Street Networks - Alternative models, measures & their merits
Conference contribution, 2018

Cities concentrate intensive human activities requiring highly complex networked infrastructure for movement, public transport and myriad other spatial interactions. The planning and management of multi-modal street networks for diverse users therefore requires an understanding of urban layout beyond motorised vehicle networks as simple linear conduits of movement. In seeking to address these issues, there has been a profusion of studies of street networks in recent years, with increasing attention from network scientists such as physicists, in addition to studies from transport, geographical and urban fields. These studies take different approaches to representing street networks, each with a different focus, sophistication and level of detail. The models used are based on paradigms grounded in different traditions, often with little reflection upon which is the appropriate representation of the system for a particular application. The different approaches typically generate different results without necessarily comparing means of representation and methods of analysis for different modes and contexts. A few studies have made comparisons but none has yet been done systematically across a wider set of approaches. In this international, inter-disciplinary contribution, we identify and characterise different representations of street networks, and associated measures, and compare analytic results for a sample area to bring out the commonalities, differences and relative merits of the different approaches. This review is a first step to build a foundation for deeper and more consistent understanding of the meaning and significance of the different models, and of their utility for particular applications.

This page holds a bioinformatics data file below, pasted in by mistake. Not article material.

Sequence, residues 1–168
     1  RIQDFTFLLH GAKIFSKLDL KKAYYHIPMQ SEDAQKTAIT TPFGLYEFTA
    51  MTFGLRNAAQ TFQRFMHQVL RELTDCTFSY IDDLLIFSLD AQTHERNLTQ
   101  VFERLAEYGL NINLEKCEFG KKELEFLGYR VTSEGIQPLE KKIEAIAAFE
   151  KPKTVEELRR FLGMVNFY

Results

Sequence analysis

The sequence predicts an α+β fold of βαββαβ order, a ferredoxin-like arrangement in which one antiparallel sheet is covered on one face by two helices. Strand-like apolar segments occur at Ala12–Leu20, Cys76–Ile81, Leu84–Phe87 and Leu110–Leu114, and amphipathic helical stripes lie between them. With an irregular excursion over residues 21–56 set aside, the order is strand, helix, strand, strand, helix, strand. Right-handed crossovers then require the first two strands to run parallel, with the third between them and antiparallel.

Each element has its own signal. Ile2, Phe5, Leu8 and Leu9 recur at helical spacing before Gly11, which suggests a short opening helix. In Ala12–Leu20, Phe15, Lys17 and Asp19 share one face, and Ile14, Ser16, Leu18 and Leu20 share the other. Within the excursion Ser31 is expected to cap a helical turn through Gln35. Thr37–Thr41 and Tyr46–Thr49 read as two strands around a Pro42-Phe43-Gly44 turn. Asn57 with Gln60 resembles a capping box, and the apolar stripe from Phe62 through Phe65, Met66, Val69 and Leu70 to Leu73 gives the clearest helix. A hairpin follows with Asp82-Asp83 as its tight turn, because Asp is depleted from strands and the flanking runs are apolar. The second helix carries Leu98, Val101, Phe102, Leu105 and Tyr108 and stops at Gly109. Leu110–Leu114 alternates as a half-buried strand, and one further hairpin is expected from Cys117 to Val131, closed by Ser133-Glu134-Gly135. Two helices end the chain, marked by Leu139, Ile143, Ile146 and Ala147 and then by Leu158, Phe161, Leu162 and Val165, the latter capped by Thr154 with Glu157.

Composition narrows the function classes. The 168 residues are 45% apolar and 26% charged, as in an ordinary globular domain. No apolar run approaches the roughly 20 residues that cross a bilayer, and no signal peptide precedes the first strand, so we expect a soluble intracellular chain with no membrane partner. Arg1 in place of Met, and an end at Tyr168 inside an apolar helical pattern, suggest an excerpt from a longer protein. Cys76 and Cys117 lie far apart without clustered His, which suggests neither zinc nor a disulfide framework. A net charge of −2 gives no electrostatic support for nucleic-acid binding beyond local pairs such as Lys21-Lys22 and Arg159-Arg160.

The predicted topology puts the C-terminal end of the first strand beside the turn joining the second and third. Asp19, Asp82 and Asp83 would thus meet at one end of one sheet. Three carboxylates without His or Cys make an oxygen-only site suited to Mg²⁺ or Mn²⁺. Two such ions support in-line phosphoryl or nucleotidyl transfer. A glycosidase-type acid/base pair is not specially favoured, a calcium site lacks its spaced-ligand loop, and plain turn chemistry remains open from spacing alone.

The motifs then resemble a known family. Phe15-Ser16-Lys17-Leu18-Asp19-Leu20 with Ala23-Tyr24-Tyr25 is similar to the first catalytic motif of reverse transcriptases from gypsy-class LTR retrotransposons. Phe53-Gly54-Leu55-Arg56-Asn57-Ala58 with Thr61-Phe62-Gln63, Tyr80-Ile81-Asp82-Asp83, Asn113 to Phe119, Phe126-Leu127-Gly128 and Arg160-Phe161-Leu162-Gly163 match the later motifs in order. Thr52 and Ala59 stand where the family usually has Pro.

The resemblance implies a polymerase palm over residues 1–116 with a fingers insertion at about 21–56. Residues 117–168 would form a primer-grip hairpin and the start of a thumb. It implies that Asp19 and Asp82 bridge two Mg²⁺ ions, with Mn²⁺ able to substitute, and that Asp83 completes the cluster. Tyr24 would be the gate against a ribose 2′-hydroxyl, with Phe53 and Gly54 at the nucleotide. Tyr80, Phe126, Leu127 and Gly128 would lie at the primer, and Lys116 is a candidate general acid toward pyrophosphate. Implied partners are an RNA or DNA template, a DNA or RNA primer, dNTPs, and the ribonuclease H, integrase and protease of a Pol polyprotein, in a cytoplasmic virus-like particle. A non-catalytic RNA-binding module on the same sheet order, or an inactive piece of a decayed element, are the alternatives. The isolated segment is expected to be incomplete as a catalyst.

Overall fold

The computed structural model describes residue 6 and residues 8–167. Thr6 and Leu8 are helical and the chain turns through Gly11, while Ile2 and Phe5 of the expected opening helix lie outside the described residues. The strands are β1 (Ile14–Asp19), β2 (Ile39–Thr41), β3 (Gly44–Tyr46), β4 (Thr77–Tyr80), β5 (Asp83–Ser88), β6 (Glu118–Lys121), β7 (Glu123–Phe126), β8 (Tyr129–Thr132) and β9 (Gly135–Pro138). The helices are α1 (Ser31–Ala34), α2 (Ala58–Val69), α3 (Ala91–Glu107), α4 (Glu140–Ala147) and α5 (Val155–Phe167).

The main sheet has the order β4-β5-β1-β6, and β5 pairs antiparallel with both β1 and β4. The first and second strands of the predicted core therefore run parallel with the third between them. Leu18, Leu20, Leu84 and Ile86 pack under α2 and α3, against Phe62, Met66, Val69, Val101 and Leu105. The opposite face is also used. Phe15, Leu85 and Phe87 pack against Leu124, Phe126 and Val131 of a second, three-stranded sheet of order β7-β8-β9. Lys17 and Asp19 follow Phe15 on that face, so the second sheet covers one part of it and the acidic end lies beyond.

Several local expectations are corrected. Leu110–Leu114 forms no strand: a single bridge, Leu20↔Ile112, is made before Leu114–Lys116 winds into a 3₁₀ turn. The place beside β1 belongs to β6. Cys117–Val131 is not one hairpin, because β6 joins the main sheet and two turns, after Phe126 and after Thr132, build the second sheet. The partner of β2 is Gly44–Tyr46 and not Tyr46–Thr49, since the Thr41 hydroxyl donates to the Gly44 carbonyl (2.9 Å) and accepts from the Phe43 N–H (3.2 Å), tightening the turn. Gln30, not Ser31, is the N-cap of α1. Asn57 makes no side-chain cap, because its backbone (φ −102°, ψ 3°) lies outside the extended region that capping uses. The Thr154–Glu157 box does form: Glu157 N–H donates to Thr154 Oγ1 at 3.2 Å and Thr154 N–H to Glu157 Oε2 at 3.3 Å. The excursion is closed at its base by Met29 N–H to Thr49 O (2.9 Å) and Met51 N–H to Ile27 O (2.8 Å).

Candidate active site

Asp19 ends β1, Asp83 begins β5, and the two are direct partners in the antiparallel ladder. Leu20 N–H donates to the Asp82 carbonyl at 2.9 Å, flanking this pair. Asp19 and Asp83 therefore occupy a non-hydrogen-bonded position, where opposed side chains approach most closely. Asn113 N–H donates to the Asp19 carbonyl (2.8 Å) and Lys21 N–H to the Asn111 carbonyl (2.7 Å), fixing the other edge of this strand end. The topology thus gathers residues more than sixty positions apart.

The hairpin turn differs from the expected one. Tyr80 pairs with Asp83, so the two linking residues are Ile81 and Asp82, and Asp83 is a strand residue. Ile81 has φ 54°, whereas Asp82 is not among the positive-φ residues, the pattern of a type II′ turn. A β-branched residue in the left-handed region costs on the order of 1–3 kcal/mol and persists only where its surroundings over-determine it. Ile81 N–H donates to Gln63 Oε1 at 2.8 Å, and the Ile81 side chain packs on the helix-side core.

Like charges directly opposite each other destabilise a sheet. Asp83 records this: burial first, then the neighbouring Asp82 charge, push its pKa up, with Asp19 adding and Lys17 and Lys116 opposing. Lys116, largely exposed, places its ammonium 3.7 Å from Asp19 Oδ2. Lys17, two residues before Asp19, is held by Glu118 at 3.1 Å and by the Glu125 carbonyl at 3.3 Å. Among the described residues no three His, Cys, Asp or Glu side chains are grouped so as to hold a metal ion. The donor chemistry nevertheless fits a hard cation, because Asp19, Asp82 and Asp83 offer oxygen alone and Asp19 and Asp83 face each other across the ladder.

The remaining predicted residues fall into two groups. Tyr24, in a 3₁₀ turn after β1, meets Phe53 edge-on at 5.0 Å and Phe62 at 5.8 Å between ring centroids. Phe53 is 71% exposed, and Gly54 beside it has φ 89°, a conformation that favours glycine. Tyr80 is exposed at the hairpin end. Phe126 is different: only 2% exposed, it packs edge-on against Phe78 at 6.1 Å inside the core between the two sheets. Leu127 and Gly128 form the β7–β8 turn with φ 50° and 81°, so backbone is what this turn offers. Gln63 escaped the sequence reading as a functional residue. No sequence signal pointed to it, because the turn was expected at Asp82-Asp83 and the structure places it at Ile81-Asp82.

Models

GIS

Network Analysis

Graphs

Street Networks

Author

Jorge Gil

Chalmers, Architecture and Civil Engineering, Urban Design and Planning

Karl Kropf

Lucas Figueiredo

Ioanna Stavroulaki

Chalmers, Architecture and Civil Engineering, Urban Design and Planning

Martin Tomko

Stephen Marshall

AESOP Annual Congress 2018
Gothenburg, Sweden,

Subject Categories

Other Computer and Information Science

Transport Systems and Logistics

Human Geography

Computer Systems

DOI

10.13140/RG.2.2.15969.56168

More information

Created

1/17/2019